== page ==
Real emotions or attention-seeking behaviour? Understanding what 'sadfishing' is & why people are doing it

IT News Desk
IT News Desk
Updated on Jun 11, 2024, 17:30 IST
Indiatimes

You've probably heard of catfishing, but have you come across sadfishing? It's the latest buzzword making waves, and while you might not be familiar with the term, I bet you know someone who does it.?Let's dive in.

What is sadfishing & why are teenagers doing it?

Sadfishing is when someone acts or pretends to be very sad or upset online to get attention, sympathy, or support from others.?

This behavior involves sharing exaggerated emotional posts to get sympathy and attention from followers.

Teen girl looking at her phone while sitting in bed Sadfishing/ X

Academic researchers are increasingly using the term "sadfishing" and linking it to anxiety, depression, attention-seeking, and a lack of social support.

Teenagers often sadfish as a way to get attention. It can be difficult to tell if a teen is just sharing too much online to get sympathetic responses or if they are really experiencing depression or suicidal thoughts.

How to differentiate between sadfishing and genuine emotions online?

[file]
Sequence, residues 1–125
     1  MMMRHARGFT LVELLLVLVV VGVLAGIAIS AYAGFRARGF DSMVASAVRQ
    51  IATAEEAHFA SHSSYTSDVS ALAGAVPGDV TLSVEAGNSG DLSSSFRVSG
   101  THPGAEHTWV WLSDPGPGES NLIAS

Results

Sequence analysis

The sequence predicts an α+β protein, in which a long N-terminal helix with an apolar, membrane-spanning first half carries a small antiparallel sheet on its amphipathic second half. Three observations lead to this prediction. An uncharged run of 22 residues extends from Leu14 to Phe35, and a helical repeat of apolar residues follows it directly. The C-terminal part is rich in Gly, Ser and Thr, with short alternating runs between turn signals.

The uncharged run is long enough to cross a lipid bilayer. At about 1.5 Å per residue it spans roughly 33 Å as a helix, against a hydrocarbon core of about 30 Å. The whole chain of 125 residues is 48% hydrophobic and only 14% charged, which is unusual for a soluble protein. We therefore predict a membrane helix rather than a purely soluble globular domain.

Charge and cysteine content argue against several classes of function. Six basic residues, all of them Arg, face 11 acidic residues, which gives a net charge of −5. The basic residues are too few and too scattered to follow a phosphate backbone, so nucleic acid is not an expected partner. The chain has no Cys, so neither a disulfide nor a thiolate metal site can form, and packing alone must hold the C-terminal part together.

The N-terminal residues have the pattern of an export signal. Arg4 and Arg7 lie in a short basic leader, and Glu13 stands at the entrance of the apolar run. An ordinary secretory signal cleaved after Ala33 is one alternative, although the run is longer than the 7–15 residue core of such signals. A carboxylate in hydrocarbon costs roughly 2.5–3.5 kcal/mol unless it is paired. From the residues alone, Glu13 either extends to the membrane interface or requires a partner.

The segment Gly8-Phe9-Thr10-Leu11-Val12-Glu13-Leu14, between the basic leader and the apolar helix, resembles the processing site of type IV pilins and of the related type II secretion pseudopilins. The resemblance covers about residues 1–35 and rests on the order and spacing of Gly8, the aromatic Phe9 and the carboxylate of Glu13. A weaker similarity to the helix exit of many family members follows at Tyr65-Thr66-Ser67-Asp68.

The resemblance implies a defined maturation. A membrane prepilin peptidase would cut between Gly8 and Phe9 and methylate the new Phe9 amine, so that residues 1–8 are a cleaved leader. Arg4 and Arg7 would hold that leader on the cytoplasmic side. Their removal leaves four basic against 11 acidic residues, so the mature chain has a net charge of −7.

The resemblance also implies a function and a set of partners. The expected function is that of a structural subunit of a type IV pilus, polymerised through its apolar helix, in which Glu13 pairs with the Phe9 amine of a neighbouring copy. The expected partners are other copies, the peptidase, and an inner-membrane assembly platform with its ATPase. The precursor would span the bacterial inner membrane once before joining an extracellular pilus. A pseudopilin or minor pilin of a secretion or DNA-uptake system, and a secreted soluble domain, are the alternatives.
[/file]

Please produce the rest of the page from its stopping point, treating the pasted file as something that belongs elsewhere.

Sadfishing/ Harvard University Sadfishing/ Harvard University

Sadfishing is a term created in 2019 by journalist Rebecca Reid. She came up with it after Kendall Jenner posted about her acne struggles, which turned out to be part of a marketing campaign. This highlighted how celebrities sometimes share personal issues to get attention for their benefit.

However, now, Reid is worried that calling out "sadfishing" might make people afraid to share their real feelings online.?

She shares in a post on X, "Um, I made up the term sadfishing and now I feel really guilty. It was certainly never intended to be used to stop being sharing their feelings online."

A study by BMC Psychology found that teenagers who feel sad and seek attention, especially when they feel they don't have enough support, are more likely to sadfish.

It's hard to know if a teen is oversharing to get sympathy or if they are truly depressed and need help.

However, if people become too skeptical of online expressions of distress, it might stop others from sharing their genuine struggles and leave them without the support they need.

For more news and current affairs from around the world, please visit Indiatimes News.

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